Brandywine Workshop and Moonstone Present
Ode To Margaret Fuller (Part 1)
A Talk by Rev. Michael Barnett
Sunday October 20, 2013 – 2pm
Brandywine Workshop, 728 S. Broad Street, (215) 546-3675
Margaret Fuller was considered the most brilliant woman in 1840s America. Only Edgar Allan Poe matched her as an outstanding American literacy critic. Fuller initiated her “Conversations for Women” in Boston for their intellectual stimulation in the late 1830s. She was treated as an equal in the Transcendental Club by her friends Emerson, Thoreau, and A. Bronson Alcott. From 1844 to 1850, Fuller worked as the first woman literary and social critic for Horace Greeley’s New York Tribune and became the first woman foreign and war correspondent in Europe. Her international bestseller, “Woman in the Nineteenth Century,” inspired the 1848 Women’s Rights Convention in Seneca Falls and liberated men as well as women.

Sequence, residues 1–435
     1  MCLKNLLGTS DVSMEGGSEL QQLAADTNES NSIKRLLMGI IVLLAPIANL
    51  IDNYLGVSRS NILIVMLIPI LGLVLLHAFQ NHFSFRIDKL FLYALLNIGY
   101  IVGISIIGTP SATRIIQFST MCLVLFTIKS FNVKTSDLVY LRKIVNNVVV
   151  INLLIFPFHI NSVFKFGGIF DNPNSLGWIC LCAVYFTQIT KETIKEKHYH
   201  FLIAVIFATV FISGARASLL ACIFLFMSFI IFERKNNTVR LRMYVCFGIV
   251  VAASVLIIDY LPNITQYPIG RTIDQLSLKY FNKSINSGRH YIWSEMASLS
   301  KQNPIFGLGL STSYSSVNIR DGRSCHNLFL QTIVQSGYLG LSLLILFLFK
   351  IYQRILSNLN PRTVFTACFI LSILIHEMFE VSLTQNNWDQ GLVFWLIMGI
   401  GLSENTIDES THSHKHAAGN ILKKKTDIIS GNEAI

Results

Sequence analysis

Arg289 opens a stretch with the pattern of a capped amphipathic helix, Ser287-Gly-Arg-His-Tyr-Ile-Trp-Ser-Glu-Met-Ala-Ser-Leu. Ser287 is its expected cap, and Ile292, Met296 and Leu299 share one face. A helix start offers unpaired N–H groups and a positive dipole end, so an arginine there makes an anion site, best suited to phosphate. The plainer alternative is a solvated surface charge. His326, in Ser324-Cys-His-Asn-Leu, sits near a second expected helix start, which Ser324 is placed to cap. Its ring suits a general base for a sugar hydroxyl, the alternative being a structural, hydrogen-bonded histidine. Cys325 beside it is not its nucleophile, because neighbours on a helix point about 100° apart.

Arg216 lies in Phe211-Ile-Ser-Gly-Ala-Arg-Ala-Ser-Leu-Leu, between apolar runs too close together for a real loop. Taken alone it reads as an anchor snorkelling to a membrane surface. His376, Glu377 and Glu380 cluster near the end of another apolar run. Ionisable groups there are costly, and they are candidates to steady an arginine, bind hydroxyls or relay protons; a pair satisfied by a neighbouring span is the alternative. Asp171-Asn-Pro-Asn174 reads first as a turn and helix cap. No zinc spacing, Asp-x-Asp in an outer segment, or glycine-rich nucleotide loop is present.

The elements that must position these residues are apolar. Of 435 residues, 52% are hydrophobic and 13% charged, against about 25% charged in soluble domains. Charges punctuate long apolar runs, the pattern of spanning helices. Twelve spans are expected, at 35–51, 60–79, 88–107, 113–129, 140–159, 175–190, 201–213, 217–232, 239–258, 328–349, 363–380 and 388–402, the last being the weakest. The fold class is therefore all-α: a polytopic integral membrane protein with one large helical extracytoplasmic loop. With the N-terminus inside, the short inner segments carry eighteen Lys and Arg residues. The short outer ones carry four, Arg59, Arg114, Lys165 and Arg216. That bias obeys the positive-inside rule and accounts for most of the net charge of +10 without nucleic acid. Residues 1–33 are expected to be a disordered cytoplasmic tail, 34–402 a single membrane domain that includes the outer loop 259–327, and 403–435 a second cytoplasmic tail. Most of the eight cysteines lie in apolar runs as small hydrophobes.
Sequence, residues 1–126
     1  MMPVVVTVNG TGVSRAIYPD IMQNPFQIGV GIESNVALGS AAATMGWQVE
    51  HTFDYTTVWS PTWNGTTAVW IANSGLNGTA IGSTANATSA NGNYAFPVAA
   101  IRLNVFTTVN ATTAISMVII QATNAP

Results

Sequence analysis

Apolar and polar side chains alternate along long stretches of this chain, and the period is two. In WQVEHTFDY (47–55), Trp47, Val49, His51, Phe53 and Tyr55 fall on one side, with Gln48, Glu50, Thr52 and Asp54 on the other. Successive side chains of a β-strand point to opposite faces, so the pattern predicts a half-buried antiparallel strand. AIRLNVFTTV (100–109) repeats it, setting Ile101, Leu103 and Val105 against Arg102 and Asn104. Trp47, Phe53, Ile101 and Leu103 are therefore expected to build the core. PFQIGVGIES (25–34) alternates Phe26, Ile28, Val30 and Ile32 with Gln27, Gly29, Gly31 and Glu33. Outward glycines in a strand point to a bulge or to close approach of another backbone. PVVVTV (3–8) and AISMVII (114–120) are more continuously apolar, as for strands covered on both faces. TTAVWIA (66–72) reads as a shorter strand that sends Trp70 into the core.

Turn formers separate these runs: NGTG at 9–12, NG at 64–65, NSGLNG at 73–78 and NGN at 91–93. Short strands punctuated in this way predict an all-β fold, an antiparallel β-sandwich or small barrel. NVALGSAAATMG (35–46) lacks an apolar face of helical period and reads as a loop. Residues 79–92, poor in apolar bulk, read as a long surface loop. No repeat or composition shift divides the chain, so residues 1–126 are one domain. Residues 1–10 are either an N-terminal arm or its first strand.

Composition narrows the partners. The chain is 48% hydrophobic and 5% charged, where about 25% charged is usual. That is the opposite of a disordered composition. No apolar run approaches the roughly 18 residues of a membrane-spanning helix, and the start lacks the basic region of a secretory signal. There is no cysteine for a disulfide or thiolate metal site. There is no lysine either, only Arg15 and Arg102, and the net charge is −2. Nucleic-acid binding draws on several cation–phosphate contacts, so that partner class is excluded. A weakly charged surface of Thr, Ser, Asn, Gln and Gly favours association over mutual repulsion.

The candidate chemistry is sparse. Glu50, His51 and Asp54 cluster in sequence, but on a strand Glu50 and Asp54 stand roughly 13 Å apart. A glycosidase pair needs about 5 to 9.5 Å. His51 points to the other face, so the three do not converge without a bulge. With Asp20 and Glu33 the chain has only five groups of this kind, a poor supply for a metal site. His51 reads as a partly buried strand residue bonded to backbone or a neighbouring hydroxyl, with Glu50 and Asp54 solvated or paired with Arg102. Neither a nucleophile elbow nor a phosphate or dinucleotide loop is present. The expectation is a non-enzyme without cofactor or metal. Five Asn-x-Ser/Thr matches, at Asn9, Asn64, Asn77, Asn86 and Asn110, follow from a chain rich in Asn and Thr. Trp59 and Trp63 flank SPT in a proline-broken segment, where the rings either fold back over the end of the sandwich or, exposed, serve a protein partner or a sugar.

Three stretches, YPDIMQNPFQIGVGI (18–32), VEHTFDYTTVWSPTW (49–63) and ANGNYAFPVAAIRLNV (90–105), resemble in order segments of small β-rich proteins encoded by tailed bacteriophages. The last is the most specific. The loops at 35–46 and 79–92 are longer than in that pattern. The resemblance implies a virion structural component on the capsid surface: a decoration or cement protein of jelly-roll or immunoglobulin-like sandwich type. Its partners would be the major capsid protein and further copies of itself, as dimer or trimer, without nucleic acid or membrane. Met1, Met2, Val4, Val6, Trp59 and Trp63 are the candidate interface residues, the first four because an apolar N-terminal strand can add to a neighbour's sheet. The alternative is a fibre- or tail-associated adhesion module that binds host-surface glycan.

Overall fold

Rev. Michael Barnett, M. Div., M. Ed., serves as an interfaith minister, educator, and teaching artist/poet. For twelve years, he has spoken and taught on the Transcendentalists Emerson, Margaret Fuller, and Unitarian minister Theodore Parker. Michael earned his Master of Divinity Magna Cum Laude at Moravian Theological Seminary and his Master of Education Master Teacher at Gwynedd-Mercy College where he taught religious studies. His poetry and articles have been published in literary and religious journals. Michael has worked as a teaching artist/poet with the Lehigh Valley Arts Council Urban/Suburban Afterschool Arts Program, the Santa Fe Children’s Museum, and the Montgomery County PoetryWITS program. For Margaret Fuller’s Bicentennial, he was invited to share his passion for Margaret Fuller at First Parish of Concord, the Concord School of Philosophy at Louisa May Alcott’s Orchard House, and at the Unitarian Universalist History Collegium in Waltham, MA.